11th March 1889

Edinburgh carries out its last female execution

Jessie King was hanged in Edinburgh for the murders of two children that she had taken into her home in exchange for payment. The evidence against her was sufficiently compelling that, on two of the charges she faced, the jury took just four minutes to find her guilty. It’s unlikely she was the only culprit, but she was the only one who went to the gallows: King lived with her lover, Thomas Pearson, but in return for a guarantee he wouldn’t suffer a similar fate, he testified against her.

King’s scheme was uncovered when a group of boys discovered the body of a young child wrapped in cloth and dumped on the street. Police started to investigate, and found their way to King’s door, at which point she admitted to the two killings for which she was ultimately hanged. However, she later changed her mind.

Tried for murder

The Greenock Telegraph and Clyde Shipping Gazette of 19 February had reported that she “was tried on a charge of murdering at different times last year and previous year three babies she had got to bring up. King, in her declaration, admitted suffocating the children, with each of whom she had got a premium, but when placed at the bar she denied the crimes.”

The Aberdeen Press and Journal of the same day recounted how, in the case of one of the children, “she got the child, Gunn, who was about eleven months old, from its mother, who gave her £3. Thomas Pearson, with whom she lived, was unwilling to take the child, as they had enough to do to keep themselves. When she told him that she had got £3 he agreed to keep the child for three or four weeks. They kept the child from April until the end of May 1888. At the end of May they found they were unable to support the child, and prisoner tried to get it admitted to a Destitute Home, but admittance was refused on the ground that the child was illegitimate. At last one Monday, after unsuccessfully trying to get the child taken into a home, the prisoner got very much the worse of drink. She strangled the child.” When she was sentenced to death, said the Journal’s reporter, “the agony of the prisoner’s face was now distressing. She groaned continuously, and was carried in a fainting condition down the stair to the cells.”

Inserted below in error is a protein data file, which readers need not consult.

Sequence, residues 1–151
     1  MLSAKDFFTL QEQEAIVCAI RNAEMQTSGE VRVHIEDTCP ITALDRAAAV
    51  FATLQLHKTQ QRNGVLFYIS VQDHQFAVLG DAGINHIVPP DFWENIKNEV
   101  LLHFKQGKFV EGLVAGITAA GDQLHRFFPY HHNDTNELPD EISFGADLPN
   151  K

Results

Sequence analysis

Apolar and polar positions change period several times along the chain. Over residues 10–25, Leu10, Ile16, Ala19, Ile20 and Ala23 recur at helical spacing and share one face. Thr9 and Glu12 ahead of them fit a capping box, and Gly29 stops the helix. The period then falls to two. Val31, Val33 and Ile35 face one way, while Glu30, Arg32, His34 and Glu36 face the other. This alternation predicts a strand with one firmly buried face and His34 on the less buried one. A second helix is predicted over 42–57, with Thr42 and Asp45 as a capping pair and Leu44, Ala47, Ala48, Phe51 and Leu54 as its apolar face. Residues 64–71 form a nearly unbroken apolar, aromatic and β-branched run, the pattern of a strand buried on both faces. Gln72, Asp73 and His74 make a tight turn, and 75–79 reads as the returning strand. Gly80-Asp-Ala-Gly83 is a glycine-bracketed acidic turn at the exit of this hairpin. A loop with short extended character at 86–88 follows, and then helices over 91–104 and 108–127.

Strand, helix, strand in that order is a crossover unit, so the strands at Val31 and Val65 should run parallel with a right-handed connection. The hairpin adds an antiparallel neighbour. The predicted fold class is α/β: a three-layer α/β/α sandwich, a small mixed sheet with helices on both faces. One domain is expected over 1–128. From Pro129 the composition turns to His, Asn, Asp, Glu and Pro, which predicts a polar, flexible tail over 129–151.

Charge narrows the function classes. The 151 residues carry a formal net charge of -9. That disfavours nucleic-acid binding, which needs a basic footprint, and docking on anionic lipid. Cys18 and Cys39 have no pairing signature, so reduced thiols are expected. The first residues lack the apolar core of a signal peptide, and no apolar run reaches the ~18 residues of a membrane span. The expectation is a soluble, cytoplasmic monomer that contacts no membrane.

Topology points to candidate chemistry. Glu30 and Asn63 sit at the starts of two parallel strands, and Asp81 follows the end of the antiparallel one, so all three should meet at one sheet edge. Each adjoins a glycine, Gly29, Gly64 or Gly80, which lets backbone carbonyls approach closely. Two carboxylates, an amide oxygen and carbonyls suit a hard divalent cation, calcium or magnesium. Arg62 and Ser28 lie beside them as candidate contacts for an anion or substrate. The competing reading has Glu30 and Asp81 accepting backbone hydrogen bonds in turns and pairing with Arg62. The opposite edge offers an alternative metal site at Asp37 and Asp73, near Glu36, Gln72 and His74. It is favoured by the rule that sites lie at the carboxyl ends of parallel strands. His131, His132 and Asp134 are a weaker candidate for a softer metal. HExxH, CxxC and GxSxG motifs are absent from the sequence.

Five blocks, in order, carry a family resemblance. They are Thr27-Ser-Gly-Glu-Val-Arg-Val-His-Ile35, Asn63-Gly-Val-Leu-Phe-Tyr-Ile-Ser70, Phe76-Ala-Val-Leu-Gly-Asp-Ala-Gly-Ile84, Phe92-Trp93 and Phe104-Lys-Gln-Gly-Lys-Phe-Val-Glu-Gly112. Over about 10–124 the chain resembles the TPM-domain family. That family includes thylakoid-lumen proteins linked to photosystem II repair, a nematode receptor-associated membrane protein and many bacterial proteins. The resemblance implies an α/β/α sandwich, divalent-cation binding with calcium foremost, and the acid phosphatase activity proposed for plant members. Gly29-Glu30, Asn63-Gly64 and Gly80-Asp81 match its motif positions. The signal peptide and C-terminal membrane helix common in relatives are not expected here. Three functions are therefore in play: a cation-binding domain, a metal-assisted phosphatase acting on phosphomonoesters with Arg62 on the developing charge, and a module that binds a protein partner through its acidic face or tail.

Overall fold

Suicide attempt

She was held in custody to await her fate but tried to hang herself in the interim. Although unsuccessful, this caused some to question her mental state, and whether execution was right. A petition attracted 1600 signatures, but it wasn’t enough to save her.

The John O’Groat Journal of 12 March – the day following her death – reported that King had slept well until dawn on the day of her execution, after which she heard mass and ate a light breakfast. “The officials were all affected, but she was unmoved. The officials then, about 8 o’clock., individually bade her farewell. Berry then pinioned the prisoner and drew the white cap down over her head, [during] which she was still in the cell, so that she saw nothing afterwards. The procession then formed and marched towards the scaffold, King holding a crucifix while Canon Donlevy was praying. All being ready, Berry moved the lever and the unfortunate woman was dead. Death was instantaneous.”

Although charged with three counts of murder and convicted of two, the number of babies who had died while in King’s care is unknown.



Other events that occured in March

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